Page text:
Chapter III

It was two days later that Mrs. Chester decided to give what she termed a farewell fete to all Nina Perceval's old friends. Nina had always been a great favourite with her, and she was determined that the function should be worthy of the occasion.

To ensure success, she summoned Hone to her assistance. Hone always assisted everybody, and it was well known that he invariably succeeded in that to which he set his hand. And Hone, with native ingenuity, at once suggested a water expedition by moonlight as far as the ruined Hindu temple on the edge of the jungle that came down to the river at that point. There was a spice of adventure about this that at once caught Mrs. Chester's fancy. It was the very thing, she declared; a water-picnic was so delightfully informal. They would cut for partners, and row up the river in couples.

To Nina Perceval the plan seemed slightly childish, but she veiled her feelings from her friend as she veiled them from all the world; for very soon it would be all over, sunk away in that grey, grey past into which she would never look again. She even joined in conference with Mrs. Chester and Hone over the details of the expedition, and if now and then the Irishman's eyes rested upon her as though they read that which she would fain have hidden, she never suffered herself to be disconcerted thereby.

When the party assembled on the eventful evening to settle the question of partners, Hone was, as usual, in the forefront. The lots were drawn under his management, not by his own choice, but because Mrs. Chester insisted upon it. He presided over two packs of cards that had been reduced to the number of guests. The men drew from one pack, the women from the other; and thus everyone in the room was bound at length to pair.

Hone would have foregone this part of the entertainment, but the colonel's wife was firm.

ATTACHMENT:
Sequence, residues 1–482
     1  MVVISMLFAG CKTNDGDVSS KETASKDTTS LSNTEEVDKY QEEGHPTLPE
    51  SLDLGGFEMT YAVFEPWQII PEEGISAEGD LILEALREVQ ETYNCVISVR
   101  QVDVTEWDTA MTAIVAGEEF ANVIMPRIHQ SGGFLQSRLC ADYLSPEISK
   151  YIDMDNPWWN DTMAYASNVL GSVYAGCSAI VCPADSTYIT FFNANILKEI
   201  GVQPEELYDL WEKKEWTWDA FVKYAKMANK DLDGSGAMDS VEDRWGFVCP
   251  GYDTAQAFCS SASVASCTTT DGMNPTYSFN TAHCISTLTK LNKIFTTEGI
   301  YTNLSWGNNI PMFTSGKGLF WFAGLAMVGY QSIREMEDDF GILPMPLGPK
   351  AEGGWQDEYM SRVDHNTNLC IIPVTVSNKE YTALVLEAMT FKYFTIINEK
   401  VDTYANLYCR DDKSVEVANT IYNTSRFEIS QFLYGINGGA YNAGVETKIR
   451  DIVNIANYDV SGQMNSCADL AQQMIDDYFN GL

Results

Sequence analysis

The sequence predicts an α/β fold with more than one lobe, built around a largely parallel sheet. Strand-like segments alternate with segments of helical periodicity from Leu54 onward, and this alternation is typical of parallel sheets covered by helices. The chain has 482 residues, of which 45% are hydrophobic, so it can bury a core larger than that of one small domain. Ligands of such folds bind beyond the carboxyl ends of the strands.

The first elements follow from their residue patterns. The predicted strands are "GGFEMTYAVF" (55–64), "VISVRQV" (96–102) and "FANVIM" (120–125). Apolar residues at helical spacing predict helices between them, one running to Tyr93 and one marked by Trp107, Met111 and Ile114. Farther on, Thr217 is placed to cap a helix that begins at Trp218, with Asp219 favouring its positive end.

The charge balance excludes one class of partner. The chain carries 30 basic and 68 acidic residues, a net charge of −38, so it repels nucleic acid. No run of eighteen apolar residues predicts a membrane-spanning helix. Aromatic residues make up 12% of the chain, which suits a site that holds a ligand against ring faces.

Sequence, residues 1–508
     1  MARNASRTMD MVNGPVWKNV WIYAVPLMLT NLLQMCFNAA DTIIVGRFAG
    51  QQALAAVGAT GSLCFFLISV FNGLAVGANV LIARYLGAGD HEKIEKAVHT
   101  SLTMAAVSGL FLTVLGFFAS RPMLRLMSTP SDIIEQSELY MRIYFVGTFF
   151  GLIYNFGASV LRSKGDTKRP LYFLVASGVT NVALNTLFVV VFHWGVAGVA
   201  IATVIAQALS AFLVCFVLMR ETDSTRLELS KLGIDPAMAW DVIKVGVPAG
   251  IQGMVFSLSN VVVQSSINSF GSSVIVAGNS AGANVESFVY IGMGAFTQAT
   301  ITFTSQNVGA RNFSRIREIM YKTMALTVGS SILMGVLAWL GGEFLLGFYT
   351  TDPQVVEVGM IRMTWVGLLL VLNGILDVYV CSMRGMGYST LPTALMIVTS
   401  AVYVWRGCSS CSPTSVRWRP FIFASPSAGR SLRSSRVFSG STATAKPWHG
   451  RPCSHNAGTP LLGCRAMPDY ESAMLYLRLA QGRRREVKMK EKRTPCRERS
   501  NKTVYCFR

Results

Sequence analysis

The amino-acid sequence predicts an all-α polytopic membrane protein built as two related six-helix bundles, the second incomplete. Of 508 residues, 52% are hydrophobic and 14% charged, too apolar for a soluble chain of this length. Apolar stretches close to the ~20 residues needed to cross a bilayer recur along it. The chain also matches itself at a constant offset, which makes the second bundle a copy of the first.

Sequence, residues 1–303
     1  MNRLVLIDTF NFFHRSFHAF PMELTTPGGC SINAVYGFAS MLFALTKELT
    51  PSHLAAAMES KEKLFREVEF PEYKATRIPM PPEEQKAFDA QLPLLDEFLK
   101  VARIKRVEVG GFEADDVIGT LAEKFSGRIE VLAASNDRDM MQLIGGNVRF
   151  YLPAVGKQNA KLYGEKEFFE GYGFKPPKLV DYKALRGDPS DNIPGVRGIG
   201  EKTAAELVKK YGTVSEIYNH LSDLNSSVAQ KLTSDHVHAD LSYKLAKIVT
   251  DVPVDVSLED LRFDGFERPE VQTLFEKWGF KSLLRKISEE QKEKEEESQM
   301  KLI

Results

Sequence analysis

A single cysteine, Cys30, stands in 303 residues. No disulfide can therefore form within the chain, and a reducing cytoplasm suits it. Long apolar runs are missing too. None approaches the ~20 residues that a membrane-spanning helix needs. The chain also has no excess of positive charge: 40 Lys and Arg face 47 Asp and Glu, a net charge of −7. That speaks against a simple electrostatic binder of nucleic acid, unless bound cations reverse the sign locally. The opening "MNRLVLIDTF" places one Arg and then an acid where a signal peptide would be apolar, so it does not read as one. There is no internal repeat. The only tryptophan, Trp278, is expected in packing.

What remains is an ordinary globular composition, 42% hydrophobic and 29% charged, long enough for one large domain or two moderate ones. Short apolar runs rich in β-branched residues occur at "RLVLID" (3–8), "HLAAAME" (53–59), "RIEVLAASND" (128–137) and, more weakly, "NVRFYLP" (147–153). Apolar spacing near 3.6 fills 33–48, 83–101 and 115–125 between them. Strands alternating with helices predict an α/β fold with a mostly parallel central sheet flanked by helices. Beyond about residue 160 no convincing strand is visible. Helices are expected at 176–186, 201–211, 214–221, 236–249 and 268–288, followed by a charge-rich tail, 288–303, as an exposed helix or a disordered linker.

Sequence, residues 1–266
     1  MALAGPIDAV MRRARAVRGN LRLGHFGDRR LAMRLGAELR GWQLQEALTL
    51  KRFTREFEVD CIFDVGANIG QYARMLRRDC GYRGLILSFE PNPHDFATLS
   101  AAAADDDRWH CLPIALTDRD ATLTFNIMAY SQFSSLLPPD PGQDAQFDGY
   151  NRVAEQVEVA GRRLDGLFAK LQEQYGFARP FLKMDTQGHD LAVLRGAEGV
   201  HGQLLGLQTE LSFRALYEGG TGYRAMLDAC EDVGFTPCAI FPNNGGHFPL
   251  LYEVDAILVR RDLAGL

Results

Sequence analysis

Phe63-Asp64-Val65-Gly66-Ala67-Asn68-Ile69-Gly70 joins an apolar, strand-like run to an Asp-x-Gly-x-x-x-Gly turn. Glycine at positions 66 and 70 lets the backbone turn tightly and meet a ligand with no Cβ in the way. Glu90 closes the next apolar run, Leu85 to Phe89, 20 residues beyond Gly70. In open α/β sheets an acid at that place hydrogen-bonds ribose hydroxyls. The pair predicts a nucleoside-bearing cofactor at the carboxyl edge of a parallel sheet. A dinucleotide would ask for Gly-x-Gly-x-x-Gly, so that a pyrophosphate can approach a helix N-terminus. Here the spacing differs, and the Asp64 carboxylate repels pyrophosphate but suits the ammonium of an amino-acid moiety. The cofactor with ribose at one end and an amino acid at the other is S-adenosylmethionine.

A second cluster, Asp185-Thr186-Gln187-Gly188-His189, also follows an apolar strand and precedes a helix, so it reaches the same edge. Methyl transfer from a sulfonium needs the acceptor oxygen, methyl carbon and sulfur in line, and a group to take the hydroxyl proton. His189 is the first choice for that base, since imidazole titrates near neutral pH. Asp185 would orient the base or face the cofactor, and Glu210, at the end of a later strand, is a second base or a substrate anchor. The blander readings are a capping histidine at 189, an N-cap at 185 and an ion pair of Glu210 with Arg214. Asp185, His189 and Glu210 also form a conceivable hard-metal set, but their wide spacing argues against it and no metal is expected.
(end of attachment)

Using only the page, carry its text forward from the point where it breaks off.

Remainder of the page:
"People never know how to arrange themselves," she declared. "And I decline any responsibility of that sort. The Fates shall decide for us. It will be infinitely more satisfactory in the end."

And Hone could only bow to her ruling.

Nina Perceval was the first to draw. Her card was the ace of hearts. She slung it round her neck in accordance with Mrs. Chester's decree, and sat down to await her destiny.

It was some time in coming. One after another drew and paired in the midst of much chaff and merriment; but she sat solitary in her corner watching the pile of cards diminish while she remained unclaimed.

"Most unusual!" declared Mrs. Chester. "Whom can the Fates be reserving for you, I wonder?"

Nina had no answer to make. She sat with her dark eyes fixed upon the few cards that were left in front of Hone, not uttering a single word. He sat motionless, too, Teddy Duncombe, who had paired with his hostess, standing by his side. He was not looking in her direction, but by some mysterious means she knew that his attention was focussed upon herself. She was convinced in her secret soul that, though he hid his anxiety, he was closely watching every card in the hope that he might ultimately pair with her.

The last man drew and found his partner. One card only was left in front of Hone. He laid his hand upon it, paused for an instant, then turned it up. The ace of hearts!

She felt herself stiffen involuntarily, and something within her began to pound and race like the hoofs of a galloping horse. A brief agitation was hers, which she almost instantly subdued, but which left her strangely cold.

Hone had risen from the table. He came quietly to her side. There was no visible elation about him. His grey eyes were essentially honest, but they were deliberately emotionless at that moment.

In the hubbub of voices all about them he bent and spoke.

"It may not be the fate you would have chosen; but since submit we must, shall we not make the best of it?"

She met his look with the aloofness of utter disdain.

"Your strategy was somewhat too apparent to be ascribed to Fate," she said. "I cannot imagine why you took the trouble."

A dark flush mounted under Hone's tan. He straightened himself abruptly, and she was conscious of a moment's sharp misgiving that was strangely akin to fear. Then, as he spoke no word, she rose and stood beside him, erect and regal.

"I submit," she said quietly; "not because I must, but because I do not consider it worth while to do otherwise. The matter is too unimportant for discussion."

Hone made no rejoinder. He was staring straight before him, stern-eyed and still.

But a few moments later, he gravely proffered his arm, and in the midst of a general move they went out together into the moonlit splendour of the Indian night.